Al, what a pleasure to get your friend request. It was a nice surprise. I didn't know they had this on here. I created an account because I wanted to keep up with world events. How lucky to be retired! The photos are beautiful!
Do consider your friend request absolutely granted.Am impressed by your prolific and active nature on this site.While the world is restlessly in search of peace ,i think equal right and justice should be critically considered.
Hello Al. Thanks for the friend request, which I really wasn't expecting. I joined Global Ethics in order to receive new articles. Can't promise I'll be much of a friend because my days are full right now and I'm trying to limit the time I spend at the keyboard. Cheers, fw
Quinnipiac's Sujata Gadkar-Wilcox discusses her work researching the conception of human rights in a community in rural India. She tells the story of Chaya Kakade, a woman who went on a hunger strike after the Indian government proposed a tax on sanitary napkins, and has since built her own production center in Latur. How does Kakade understand human rights? How can Westerners move beyond a legalistic view of the concept?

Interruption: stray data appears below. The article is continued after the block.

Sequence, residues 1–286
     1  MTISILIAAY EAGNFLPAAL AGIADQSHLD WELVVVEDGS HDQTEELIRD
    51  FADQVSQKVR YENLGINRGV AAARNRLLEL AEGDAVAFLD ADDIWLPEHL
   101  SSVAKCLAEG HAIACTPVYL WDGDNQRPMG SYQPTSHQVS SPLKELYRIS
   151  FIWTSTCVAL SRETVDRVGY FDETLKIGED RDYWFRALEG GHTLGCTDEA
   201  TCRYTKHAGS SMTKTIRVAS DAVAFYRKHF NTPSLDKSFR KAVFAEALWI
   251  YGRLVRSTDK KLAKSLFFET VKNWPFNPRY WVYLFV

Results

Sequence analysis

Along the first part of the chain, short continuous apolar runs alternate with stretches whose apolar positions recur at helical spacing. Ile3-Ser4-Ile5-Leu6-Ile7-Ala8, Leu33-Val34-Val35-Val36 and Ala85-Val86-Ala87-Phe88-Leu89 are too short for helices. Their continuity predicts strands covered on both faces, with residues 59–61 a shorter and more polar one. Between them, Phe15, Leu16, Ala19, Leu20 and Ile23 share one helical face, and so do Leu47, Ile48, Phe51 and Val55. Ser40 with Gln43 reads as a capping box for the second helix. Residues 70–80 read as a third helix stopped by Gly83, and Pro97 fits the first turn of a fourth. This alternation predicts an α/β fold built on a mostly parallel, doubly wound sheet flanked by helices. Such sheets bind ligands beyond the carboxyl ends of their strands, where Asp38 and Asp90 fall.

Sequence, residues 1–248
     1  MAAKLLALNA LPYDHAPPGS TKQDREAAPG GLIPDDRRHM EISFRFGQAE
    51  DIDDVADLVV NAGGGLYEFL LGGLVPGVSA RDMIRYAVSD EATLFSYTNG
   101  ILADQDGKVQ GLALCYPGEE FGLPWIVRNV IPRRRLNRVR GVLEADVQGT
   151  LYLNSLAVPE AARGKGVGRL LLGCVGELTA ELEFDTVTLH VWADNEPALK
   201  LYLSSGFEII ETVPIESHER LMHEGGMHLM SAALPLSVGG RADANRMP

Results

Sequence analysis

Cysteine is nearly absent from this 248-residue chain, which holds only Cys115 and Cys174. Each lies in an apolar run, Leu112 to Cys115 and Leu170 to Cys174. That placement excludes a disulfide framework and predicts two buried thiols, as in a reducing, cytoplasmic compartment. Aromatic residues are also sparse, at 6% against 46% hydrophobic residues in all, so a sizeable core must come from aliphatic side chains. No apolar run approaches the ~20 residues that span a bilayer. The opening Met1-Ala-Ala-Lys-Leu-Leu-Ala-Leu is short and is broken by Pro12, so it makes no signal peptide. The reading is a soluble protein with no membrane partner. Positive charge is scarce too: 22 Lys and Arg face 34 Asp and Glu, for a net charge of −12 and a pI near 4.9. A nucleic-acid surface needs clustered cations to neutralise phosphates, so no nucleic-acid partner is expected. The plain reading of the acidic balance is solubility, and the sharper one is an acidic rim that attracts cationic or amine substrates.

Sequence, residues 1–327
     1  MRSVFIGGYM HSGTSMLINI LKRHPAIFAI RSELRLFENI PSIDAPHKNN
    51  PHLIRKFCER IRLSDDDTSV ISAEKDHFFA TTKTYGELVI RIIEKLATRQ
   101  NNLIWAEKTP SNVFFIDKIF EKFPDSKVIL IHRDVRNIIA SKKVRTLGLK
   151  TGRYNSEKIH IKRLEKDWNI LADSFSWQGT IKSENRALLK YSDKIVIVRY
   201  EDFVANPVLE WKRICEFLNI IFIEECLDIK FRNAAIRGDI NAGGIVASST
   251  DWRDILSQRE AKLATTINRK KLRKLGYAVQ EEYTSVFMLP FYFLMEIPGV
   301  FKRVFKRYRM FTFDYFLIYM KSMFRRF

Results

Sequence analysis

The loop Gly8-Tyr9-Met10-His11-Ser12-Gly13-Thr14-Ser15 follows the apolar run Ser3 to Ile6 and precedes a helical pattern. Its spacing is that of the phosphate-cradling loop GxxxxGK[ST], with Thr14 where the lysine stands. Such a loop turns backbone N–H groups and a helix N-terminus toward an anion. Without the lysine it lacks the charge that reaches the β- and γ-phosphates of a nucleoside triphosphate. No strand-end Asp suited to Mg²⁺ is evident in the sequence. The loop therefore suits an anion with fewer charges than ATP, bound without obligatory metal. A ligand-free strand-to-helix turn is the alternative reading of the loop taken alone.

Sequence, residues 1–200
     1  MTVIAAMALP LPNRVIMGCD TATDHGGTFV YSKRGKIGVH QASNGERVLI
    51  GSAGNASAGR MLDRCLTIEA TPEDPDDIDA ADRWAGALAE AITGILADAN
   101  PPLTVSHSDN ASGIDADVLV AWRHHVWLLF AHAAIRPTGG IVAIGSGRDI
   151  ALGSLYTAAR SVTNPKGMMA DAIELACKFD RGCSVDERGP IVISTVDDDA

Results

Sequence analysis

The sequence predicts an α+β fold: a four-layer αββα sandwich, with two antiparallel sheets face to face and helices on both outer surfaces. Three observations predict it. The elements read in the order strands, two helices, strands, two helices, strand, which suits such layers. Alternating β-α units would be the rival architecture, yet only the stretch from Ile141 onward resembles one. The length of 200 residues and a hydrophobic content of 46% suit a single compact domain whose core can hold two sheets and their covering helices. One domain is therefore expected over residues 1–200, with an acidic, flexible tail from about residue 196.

"The rise of China is not the biggest story in the world," says Parag Khanna. "The Asianization of Asia, the return of Asia, the rise of the Asian system, is the biggest story in the world." This new Asian system, where business, technology, globalization, and geopolitics are intertwined, stretches from Japan to Saudi Arabia, from Australia to Russia, and Indonesia to Turkey, linking 5 billion people.
How is China influencing democracies such as Taiwan, Korea, and the United States? "I think there are three areas that you can look at," says Asia security analyst Rachael Burton. "The first is narrative dominance, which I would call a form of cognitive warfare. Beijing has been able to set the terms of debate . . . and once you're asking the questions, then you're able to drive intellectuals or policymakers to a certain answer."
The views and opinions expressed in the media, comments, or publications on this website are those of the speakers or authors and do not necessarily reflect or represent the views and opinions held by Carnegie Council.